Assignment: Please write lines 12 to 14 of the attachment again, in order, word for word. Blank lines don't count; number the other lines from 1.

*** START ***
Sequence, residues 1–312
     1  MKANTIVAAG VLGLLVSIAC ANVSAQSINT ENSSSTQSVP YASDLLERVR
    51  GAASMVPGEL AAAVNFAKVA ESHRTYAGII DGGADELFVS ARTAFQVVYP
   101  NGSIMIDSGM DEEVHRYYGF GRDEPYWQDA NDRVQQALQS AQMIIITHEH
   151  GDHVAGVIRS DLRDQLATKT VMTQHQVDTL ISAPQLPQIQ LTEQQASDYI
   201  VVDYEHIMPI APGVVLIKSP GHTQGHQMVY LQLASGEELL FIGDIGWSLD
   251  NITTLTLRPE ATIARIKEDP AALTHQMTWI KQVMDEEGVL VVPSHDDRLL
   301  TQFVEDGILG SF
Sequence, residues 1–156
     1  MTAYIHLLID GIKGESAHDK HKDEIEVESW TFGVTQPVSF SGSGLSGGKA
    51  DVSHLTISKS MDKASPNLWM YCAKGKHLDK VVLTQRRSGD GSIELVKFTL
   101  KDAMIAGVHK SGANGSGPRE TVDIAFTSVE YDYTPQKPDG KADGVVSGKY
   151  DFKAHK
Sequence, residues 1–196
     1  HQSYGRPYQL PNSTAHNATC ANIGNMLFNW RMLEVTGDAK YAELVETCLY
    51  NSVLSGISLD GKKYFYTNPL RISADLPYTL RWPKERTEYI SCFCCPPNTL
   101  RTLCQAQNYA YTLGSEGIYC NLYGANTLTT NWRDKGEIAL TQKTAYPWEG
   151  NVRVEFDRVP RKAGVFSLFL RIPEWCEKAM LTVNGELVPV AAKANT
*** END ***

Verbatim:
   101  KDAMIAGVHK SGANGSGPRE TVDIAFTSVE YDYTPQKPDG KADGVVSGKY
   151  DFKAHK
Sequence, residues 1–196